Chiang Mai

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Chiang Mai

(jyäng` mī`) or

Chiengmai

(jyĕng`–), city (1990 pop. 164,902), capital of Chiang Mai prov., N Thailand, on the Ping River, near the Myanmar border. It is the economic, cultural, and religious center of the northern provinces. The terminus of a railroad from Bangkok, Chiang Mai is also linked to the capital by air and highway. The city is a shipping point for the agricultural products of the surrounding region. Long the center of Thailand's teak industry, Chiang Mai also produces silver and wood articles, pottery, and silk and cotton goods. Tourism is a growing industry, and the city has also become a design center. Chiang Mai's population is mainly Lao.

The city, a center of a Lao kingdom from the 11th cent., became after the 14th cent. a target of dispute between the Burmese and the Siamese. The Burmese invasions ceased in the 19th cent., and Chiang Mai was fully incorporated into Thailand. The city consists of an 18th-century walled town on the right bank of the Ping and a new town on the left bank that developed around the railroad station. The Univ. of Chiang Mai (1963), a teachers college, and a technical institute are in the city.

Chiang Mai

 

(also Chieng Mai), a medieval Laotian kingdom in what is now northern Thailand. Chiang Mai took its name from the city of Chiang Mai, which had been founded by Meng Rai, a Laotian ruler of the Chiang Rai principality, after he had conquered Haripunchaya.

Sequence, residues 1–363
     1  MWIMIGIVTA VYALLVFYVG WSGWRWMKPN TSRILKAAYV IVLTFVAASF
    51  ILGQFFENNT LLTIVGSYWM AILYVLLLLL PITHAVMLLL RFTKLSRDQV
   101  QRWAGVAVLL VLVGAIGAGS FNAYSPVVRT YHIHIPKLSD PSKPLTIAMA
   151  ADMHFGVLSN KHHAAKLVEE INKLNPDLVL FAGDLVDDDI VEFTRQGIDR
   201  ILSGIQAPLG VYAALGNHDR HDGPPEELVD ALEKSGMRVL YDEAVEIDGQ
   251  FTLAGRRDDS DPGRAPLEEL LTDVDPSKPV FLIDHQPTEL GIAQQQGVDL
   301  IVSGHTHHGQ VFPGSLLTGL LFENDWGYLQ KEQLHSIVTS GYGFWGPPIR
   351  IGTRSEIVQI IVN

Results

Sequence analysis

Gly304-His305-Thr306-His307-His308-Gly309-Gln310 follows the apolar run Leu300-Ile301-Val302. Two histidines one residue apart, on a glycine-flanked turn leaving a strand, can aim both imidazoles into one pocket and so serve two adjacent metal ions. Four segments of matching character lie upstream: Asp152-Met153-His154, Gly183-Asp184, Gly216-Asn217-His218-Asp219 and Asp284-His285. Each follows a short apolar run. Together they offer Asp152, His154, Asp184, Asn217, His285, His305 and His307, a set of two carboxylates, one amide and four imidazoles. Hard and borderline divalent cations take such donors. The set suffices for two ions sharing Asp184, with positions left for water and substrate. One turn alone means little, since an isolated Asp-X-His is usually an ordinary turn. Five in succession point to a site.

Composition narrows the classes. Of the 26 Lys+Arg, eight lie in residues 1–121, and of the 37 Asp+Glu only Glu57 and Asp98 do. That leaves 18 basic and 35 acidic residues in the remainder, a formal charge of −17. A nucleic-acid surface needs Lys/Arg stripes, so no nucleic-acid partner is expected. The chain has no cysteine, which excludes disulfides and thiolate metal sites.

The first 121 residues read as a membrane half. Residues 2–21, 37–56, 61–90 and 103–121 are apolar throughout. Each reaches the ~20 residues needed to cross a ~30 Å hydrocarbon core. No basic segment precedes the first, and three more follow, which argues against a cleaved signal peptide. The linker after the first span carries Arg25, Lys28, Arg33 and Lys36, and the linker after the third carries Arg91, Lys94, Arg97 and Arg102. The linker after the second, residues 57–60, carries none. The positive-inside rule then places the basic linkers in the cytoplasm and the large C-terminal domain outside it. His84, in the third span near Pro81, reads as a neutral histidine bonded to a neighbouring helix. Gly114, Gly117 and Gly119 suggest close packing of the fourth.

Over a period beginning in the late 14th century, Chiang Mai waged frequent wars against the Siamese kingdom of Ayutthaya. For most of the 16th, 17th, and 18th centuries, Chiang Mai was controlled by either the Burmese or the Siamese. The kingdom was a vassal of Burma from 1556 until 1595, when it became a vassal of Ayutthaya. Burma conquered the territory in 1615 and held it until 1662, when the Siamese captured it. The Burmese reconquered the territory in 1664. Chiang Mai enjoyed independence from 1727 until 1764, when it was once again conquered by Burma. In 1775, Chiang Mai was conquered by Taksin and incorporated into Siam.


Chiang Mai

 

(also Chieng Mai), a city in Thailand; situated on the Ping River, a tributary of the Chao Phraya. Population, 65,700 (1960). Chiang Mai is the capital of Chiang Mai Province. It is the terminus of a railroad from Bangkok. The city’s industries include logging (mainly the procurement of teak), timber flotation, sawmilling, and the manufacture of food products, including tobacco products. From the 13th to the 18th century, Chiang Mai was the capital of a kingdom that was also called Chiang Mai.

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When it's time to retire to our home in the hill country of Chiangmai, Thailand, we will do so with heavy hearts and tears in our eyes and with gratitude for the kindness always shown to us during these long years spent here.
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Faculty of Science, Maejo University, Chiangmai 50290, Thailand.
of New York-Buffalo) first conducted research in the Chiangmai region beginning in 1975 that yielded a 1978 book on law and society in Thailand.
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